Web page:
The similarly country and western-styled, though original, Bleib doch steh’n made the top 40 later that year.


By this time, Anna-Lena had married, though the union wasn’t to last. She later married (and divorced) again, though she succeeded in keeping her private life out of the media, preferring instead to project a wholesome image.


A second attempt to represent Sweden at the Eurovision song contest, this time with Jag vill tro in 1968, failed, though Schlager outing Dein Glück ist mein Glück consolidated Anna-Lena’s star status in Germany. The song became a top 30 hit that summer.


What is perhaps most surprising about the release, however, is that Immer am Sonntag was left languishing on the B-side. The original, Il ragazzo della Via Gluck, had proved a massive hit for Italian star Adriano Celentano, had been a success for Françoise Hardy (as La maison où j'ai grandi) and even proved the biggest hit of Anna-Lena’s career in her homeland (as Lyckliga gatan) after topping the Swedish charts.


Like many of the Scandinavian stars who were enjoying success in Germany at the time – among them Wencke Myhre, Dorthe and Kirsti – Anna-Lena was fed on a diet of unerringly upbeat Schlager ditties. But unlike some of her contemporaries, the singer did not complain about the material she was given – she simply enjoyed being able to sing and perform for a living.


Her next single, Alle Blumen wollen blühen, proved another case in point. Entered into the 1968 Deutsche Schlagerwettbewerb, Anna-Lena appeared to have borrowed Joseph’s amazing technicolour dreamcoat for the occasion. The cheerful song gave the singer a further chart hit, despite finishing fourth at the contest, behind Siw Malmkvist, Dorthe and France Gall.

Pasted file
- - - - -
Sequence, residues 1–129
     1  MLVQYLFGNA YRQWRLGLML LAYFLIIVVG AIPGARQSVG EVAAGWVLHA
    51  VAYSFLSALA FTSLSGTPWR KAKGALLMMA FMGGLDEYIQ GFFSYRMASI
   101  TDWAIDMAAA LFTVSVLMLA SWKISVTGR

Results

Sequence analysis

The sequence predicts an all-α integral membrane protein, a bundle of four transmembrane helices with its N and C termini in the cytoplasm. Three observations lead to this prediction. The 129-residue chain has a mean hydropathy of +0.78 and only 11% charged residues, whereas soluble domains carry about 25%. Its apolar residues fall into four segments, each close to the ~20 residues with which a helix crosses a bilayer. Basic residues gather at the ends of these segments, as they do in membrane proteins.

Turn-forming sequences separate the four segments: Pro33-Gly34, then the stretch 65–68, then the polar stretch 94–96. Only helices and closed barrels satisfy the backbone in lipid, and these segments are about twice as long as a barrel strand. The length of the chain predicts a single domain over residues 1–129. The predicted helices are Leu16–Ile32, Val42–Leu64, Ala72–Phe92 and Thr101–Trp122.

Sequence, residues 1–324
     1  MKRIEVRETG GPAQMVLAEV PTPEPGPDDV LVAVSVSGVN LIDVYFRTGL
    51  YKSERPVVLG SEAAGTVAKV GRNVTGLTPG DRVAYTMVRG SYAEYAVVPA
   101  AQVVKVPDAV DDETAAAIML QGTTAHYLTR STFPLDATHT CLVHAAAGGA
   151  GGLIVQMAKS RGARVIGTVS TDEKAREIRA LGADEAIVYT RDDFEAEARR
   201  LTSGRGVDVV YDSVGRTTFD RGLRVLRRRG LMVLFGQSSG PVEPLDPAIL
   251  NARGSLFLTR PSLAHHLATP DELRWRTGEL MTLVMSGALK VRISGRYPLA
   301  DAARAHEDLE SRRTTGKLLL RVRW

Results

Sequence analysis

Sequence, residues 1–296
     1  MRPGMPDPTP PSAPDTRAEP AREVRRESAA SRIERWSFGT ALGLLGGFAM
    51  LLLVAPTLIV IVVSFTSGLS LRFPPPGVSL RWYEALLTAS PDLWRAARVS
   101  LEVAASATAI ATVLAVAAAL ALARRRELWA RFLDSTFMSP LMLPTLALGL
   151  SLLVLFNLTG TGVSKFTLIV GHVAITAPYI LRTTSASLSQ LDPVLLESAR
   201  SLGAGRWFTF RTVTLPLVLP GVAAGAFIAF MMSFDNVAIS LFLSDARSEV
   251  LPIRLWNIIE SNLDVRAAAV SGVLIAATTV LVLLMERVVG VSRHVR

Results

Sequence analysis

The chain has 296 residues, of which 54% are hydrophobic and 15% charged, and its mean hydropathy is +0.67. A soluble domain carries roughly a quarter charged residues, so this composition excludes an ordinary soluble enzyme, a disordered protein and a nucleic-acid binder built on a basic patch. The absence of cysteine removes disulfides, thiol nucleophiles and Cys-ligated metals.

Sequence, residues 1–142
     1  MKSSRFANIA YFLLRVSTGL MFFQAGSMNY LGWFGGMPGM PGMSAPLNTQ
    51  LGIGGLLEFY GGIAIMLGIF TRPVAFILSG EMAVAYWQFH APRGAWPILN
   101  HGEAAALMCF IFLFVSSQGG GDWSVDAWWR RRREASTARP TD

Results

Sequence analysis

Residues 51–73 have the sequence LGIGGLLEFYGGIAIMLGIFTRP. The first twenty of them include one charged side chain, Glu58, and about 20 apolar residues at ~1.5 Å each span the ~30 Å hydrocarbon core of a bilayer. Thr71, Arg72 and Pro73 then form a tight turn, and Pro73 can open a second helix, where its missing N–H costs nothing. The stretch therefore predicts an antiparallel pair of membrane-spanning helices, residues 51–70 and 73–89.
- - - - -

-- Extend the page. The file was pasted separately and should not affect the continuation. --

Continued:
The singles Rot ist die Liebe and Zum Weinen kein Talent, both issued in 1969, continued her run of hits.


The change of decade saw the singer attempt a change of direction. However, the failure of Eine Hütte in den Bäumen, a version of Mary Hopkin’s Temma Harbour, in 1970, sent Anna-Lena scurrying for the safety of more familiar territory with Arm oder reich.


By this time, her German chart career was over. Singles such as 1971’s Das Lied vom Glück (styled after Judy Collins’ Amazing Grace) and 1973’s Jedes Herz braucht eine Heimat (Susan Raye’s LA International Airport) and Rosen aus Papier (Marie Osmond’s Paper roses) failed to resurrect it.  


She found a second career as a radio presenter back in her homeland. She made the occasional return to the recording studio, including in 2001 to record a new German disc, Irgendwann nimmt das Glück dich in den Arm, and in 2005 for the Swedish album På begäran. Increasingly, however, she restricted her public performances to spiritual music.


She died in May 2010, at the age of 66.



With thanks to Jens Keller for additional sound files.